One of Malta’s most popular UNESCO World Heritage Sites, the Hypogeum of Hal Saflieni is an underground prehistoric burial site that was first discovered during construction work in 1902. Consisting of three distinct levels that each feature rock-cut burial chambers, this is a piece of history that is truly worth exploring.
The Discovery of the Hypogeum
Like many historic underground sanctuaries, the Hypogeum was discovered by accident in 1902, when water cisterns were being dug for a new housing development. British authorities sent over a scholar to inspect the site, so that they could gauge its significance, and this led to an official excavation in 1903.
Exploring the Hypogeum
The Hypogeum consists of three levels, with multiple halls and chambers connected via a labyrinth of steps, passageways and doorways. The lower level consists of nothing but water, and is believed to have been a storage area. The middle layer is where you will find the most important rooms within the Hypogeum, with everything from the Decorated Room, which features geometrical patterns, to the Snake Pit, which is believed to have been used for keeping snakes. Also on the middle level is the Oracle Room, which is one of the smallest side chambers and boasts an intricately painted ceiling, and the Main Chamber, which is from where the Sleeping Lady was recovered. The upper level of the Hypogeum is only ten meters underground, and features a number of different chambers, some of which were used for burial purposes. The rooms that you will see here are all natural caves, although some of them were artificially expanded in later years.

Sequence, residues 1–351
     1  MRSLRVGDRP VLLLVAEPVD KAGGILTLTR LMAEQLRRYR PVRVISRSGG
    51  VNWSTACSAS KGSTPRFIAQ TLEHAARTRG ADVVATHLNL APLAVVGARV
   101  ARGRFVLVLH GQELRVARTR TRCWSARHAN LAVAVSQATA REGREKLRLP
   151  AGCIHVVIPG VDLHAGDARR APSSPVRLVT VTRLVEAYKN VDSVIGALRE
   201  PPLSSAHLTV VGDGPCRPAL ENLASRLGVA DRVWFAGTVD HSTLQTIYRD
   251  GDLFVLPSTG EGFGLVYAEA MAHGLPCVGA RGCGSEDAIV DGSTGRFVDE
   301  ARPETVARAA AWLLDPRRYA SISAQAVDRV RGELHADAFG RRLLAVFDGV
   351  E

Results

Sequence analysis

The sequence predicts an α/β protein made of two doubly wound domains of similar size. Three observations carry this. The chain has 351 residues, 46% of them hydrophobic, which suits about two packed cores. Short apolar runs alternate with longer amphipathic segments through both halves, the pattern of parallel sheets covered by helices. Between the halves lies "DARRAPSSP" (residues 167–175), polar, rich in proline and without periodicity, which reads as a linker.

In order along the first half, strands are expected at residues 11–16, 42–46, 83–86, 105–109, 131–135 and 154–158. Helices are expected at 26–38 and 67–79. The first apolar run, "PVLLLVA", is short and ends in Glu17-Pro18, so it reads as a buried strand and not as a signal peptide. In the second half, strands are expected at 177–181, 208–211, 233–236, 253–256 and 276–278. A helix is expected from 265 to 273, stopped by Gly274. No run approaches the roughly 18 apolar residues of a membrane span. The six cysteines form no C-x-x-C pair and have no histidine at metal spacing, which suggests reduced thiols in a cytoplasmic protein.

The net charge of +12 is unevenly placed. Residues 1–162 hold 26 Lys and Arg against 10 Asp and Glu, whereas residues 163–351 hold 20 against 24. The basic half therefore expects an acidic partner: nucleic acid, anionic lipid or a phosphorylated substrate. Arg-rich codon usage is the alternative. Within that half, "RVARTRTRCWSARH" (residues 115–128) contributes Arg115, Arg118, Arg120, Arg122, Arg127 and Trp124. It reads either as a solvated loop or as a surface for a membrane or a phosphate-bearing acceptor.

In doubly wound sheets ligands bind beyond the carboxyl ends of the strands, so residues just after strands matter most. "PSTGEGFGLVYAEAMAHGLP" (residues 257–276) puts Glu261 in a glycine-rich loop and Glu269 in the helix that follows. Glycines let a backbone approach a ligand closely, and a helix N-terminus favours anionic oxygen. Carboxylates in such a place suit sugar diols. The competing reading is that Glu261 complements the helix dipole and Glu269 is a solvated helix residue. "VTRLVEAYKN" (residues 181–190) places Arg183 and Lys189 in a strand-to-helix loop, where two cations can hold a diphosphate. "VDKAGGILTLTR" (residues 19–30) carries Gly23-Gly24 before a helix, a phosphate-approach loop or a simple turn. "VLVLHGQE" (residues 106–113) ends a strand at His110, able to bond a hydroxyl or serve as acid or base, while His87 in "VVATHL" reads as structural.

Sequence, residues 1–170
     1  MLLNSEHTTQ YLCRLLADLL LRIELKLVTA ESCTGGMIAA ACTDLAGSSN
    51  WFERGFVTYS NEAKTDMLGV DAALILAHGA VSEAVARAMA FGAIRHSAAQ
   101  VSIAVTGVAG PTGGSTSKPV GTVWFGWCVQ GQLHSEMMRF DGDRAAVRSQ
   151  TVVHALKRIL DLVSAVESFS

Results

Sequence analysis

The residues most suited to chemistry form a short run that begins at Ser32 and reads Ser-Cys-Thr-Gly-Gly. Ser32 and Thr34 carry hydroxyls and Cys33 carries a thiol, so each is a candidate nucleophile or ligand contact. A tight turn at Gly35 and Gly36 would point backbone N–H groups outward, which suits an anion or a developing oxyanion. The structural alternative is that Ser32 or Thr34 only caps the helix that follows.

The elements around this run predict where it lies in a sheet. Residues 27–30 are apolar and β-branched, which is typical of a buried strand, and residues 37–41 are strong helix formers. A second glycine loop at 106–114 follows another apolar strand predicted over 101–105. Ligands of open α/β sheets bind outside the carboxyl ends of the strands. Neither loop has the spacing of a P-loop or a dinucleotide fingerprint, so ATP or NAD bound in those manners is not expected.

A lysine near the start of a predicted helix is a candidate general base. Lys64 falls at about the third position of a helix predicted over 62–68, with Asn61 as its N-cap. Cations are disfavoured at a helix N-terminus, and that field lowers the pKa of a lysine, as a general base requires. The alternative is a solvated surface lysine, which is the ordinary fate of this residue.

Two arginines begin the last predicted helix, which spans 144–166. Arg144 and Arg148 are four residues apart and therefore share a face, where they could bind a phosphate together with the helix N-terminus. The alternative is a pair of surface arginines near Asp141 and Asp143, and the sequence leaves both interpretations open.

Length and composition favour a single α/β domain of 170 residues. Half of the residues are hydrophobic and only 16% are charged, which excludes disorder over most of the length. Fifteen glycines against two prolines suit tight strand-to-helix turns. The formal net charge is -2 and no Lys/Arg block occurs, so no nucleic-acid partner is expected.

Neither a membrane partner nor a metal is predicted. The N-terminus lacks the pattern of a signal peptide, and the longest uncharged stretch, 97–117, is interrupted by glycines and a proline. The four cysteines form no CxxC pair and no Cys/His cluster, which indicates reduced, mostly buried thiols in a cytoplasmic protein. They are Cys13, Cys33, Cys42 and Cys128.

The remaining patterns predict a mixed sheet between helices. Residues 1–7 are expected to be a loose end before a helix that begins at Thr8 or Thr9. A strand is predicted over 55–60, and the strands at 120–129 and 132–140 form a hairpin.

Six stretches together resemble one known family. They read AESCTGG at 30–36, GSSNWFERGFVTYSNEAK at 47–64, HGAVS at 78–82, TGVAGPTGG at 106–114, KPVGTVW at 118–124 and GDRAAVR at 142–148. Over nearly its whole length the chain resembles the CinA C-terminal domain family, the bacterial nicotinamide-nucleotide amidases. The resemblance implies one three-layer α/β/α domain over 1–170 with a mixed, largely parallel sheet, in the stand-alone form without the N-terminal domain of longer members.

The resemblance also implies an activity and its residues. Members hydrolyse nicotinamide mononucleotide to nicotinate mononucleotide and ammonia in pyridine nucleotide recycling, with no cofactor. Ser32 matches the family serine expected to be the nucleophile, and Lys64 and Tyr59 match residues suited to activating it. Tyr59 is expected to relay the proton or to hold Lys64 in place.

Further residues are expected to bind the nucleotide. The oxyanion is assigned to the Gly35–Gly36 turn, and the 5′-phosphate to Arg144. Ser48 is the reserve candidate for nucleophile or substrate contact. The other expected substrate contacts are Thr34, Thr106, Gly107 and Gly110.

The Acoustics of the Hypogeum
The acoustics of the Hypogeum have been studied extensively, which you will understand when you are standing within the structure, as it feels as though you are in the middle of a giant bell. When sounds are played at certain pitches, you not only hear it with your ears, but also feel it vibrating within your body, which has led many to believe that the Hypogeum was designed this way on purpose, in order to enhance some sort of amplification.
The Hypogeum of Santa Lucia
For many years, people considered the Hypogeum to be a one-of-a-kind structure, but, in the 1970’s, a smaller hypogeum was discovered less than a kilometre away in Santa Lucia, although this is now covered by a modern cemetery. In the 1980’s, another hypogeum was found on the island of Gozo, known today as the Xaghra Stone Circle, and this is now open for the public to tour.
Due to the overwhelming number of visitors that the Hypogeum has received in the past, only ten people per hour, meaning 80 per day, are allowed access into the underground labyrinth. For those who are hoping to visit the Hypogeum at some point this year, keep this restricted admission in mind, as it means that you will need to book your tickets at least a month in advance. While the Hypogeum is an important part of the heritage of Malta, there are also many conspiracy theories surrounding it, some of which are well worth reading up on before making your visit.